Democracy, Higher Education, and the Problem of the Common Good

Andrea L. Turpin

A month ago I attended two national conferences on back-to-back weekends: the Society for U.S. Intellectual History (USIH) met October 26-29 in Dallas, TX and the History of Education Society (HES) met November 2-5 in Little Rock, AR. A week and a half of intensive immersion in the current scholarship of two overlapping fields made some common themes jump out. (And also produced fascinating insights into the variable quality of Marriott hotels. But I digress.)

Specifically, I was struck by historians' interest in two topics: the concept of the common good and the problem of how values are, or are not, transmitted to the next generation. I suspect these themes jumped out at me in part because they seem so salient in the current widespread breakdown of civil dialogue. Both of these lenses prove helpful for producing a clearer understanding of U.S. history, especially U.S. religious history—and for seeing how best to frame that history for our students today.

The question of the common good was raised most forcefully in a pair of book panels, one from each conference. USIH dedicated a plenary session to James Kloppenberg’s monumental work Toward Democracy: The Struggle for Self-Rule in European and American Thought (Oxford, 2016). A fair amount of the panelist and audience questions revolved around the role of religious beliefs, past and present, in forming and sustaining democracy. In answer to one of these questions, Kloppenberg articulated his conviction that some conception of the common good is necessary to ground democracy; otherwise politics becomes a zero-sum game. He asserted that historically democracy in the North Atlantic world grew in large part from Jewish and Christian roots—but that most religious and moral systems advocate some version of the golden rule that provides democracy’s necessary ethic of reciprocity. Therefore, democracy can certainly thrive in a climate of religious pluralism, but he fears it might not survive a devolution of belief in our responsibility as individual citizens to advance the common good. (Though Kloppenberg noted that he is by temperament a cautious optimist about our nation’s ability to rally around this ideal more robustly in the future.)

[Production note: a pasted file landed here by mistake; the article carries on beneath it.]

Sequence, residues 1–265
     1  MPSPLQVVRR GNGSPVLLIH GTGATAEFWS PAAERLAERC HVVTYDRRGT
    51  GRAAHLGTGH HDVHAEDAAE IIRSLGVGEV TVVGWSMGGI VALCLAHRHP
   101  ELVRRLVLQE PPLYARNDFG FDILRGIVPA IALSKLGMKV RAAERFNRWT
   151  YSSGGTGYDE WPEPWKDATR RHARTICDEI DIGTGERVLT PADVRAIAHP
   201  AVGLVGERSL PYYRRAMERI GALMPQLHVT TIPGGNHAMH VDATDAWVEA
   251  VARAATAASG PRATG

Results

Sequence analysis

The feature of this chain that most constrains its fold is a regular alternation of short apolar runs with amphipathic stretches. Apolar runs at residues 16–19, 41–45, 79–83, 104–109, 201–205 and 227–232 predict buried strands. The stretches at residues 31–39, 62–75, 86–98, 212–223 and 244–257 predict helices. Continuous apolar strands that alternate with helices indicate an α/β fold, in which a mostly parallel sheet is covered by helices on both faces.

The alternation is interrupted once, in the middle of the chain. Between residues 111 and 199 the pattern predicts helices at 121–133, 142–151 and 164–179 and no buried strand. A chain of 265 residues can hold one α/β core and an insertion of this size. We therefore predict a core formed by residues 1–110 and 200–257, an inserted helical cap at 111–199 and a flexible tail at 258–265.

The question thus arises how past generations of Americans have successfully produced a commitment to the common good—and how we can do so again today. A partial answer comes from the book panel hosted by HES the next week on Charles Dorn’s For the Common Good: A New History of Higher Education in America (Cornell, 2017). Dorn’s book examines the different purposes higher education has served throughout American history—but notes that inculcating civic-mindedness has been present throughout. Instilling in students concern for the public welfare has, however, often been eclipsed by competing purposes. Those he details are the ideals of practicality, commercialism, and affluence. In other words, higher education has frequently been largely valued as an avenue to some sort of worldly success—which makes sense, considering how expensive it can be in terms of both money and time. Nevertheless, the existence of a through line of commitment to the common good among higher educational institutions throughout American history provides a rich heritage for contemporary colleges and universities to draw on.

Dorn also served as one of the commentators for the HES panel on my book, A New Moral Vision: Gender, Religion, and the Changing Purposes of American Higher Education, 1837-1917 (Cornell, 2016). He rightly noted that I too perceive the question of the nature of the public welfare to have loomed large in the educational debates that underlay our current college and university landscape. He put the question to me of whether the common good was solely in the eye of the beholder during the fractious discussions about the respective roles of gender, religion, and class in higher education that I analyze—or whether there was some criteria that educational founders, leaders, administrators, and boosters could have used to better adjudicate competing claims.